ice when things AREN T there, rather than when they are. Once it was wonderful whe
n s/he rubbed our feet, now we notice when s/he doesn t. There are more complaints
than compliments. This takes us to
DISILLUSIONMENT which we create by realising the other person isn t so great after a
ll. Paying attention to unfulfilled desires is a sure way to feel dissatisfied a
nd unloved. It s a pity that some of us respond to feeling unloved by concluding t
hat the other person doesn t love us and is even unloving by nature. When describe
d so simply,it makes us seem pretty silly sometimes, but remember this is a desc
ription of the process of what we do and not why we do it with all its complexit
ies and richness. The virtue of this description is that it helps us make change
s in what we do more easily, by focusing attention on how we are processing the
relationship in our mind.
Even at this stage of degeneration the relationship is relatively easily salvage
d. Not so once enough disappointments have occurred and a critical
THRESHOLD is reached. This is the stage where we start associating to the negat
ive and disassociating from the positive. Then follows a thorough
REORIENTATION where we decide we now know the REAL person and we don t like what w
e ve found. We are now aware only too well of their imperfections. Sometimes we de
cide that they have changed. He used to be so nice, but now ... With this new filt
er in place it s not surprising we find
VERIFICATION in the other s behaviour. I just don t know what I saw in her. Look at t
he way she behaves! The new filters verify through repeated detection of the othe
r s flaws, the uselessness of continuing with the relationship. Sometimes the effe
ct of crossing THRESHOLD can be neutralised by outside intervention, eg a counse
llor, but if that does not happen the the next logical step is
TERMINATION where love has died and ashes remain. Of course, some remain a legal
couple even for decades past this stage, preferring the misery they know to the
uncertainties of change

NLP studies maintain there are key activities needed to create (other than by ch
ance or fate) high quality, long-lasting relationships.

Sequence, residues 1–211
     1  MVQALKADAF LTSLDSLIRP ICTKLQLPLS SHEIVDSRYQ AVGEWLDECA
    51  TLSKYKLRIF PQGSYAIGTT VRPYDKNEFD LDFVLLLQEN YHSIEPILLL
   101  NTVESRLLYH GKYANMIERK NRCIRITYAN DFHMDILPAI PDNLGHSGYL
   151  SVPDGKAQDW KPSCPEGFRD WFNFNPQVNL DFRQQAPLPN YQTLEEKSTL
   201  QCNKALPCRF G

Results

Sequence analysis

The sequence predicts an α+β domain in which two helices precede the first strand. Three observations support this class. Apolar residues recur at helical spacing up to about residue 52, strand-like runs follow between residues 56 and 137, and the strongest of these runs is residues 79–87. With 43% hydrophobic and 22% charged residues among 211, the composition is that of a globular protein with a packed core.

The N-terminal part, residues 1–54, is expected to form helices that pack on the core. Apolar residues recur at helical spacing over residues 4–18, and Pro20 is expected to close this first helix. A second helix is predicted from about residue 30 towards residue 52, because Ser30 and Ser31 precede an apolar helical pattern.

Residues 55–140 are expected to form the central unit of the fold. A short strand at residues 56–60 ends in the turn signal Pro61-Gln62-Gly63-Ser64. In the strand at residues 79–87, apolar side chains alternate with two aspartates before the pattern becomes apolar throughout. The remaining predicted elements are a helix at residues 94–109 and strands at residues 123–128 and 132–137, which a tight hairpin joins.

1 Know what you want and what your lover wants. Know what this means in sensory
experience; not just that you want to feel loved, but what you will see, hear a
nd feel your partner doing that makes you feel loved.
2 Have the commitment and flexibility to DO what your partner wants and the com
mitment and flexibility to to do what makes your partner WANT to do what you wan
t.
3 Have the sensory awareness to know whether this is actually happening or not.
Pay attention to your sensory world, not just your ideas about what is happenin
g, or should be happening.
4 Have the commitment to learn, if necessary, how to take yourself and your par
tner back to Attraction, Appreciation and Habituation should it be needed.
Knowing these stages can help make us aware of just what we are doing with our r
elationships and whether we are still cycling through that fulfilling pattern of
Attraction, Appreciation and Habituation and back again. If we have passed that
but have not yet reached Threshold, we need to recognise the worth of what it i
s we have, perhaps comparing the present state with what it was like before we m
et the other. If Threshold has been passed, then it may be time to seek outside
help even to proceed to Termination. A life of conjugal misery is surely the lea
st rewarding option.
Using NLP or any other effective intervention is preferable to resigning yoursel
f to a static, negative relationship. As human beings we have a right to a rich,
rewarding life, one which invites and enables us to know directly, through our
senses and our spirit, the fulfilment possible to human beings.
(c)JonLonergan2010
For a fuller description of these stages, read Solutions by Leslie Cameron-Bandler
www.theuniversaldebriefingsystem.com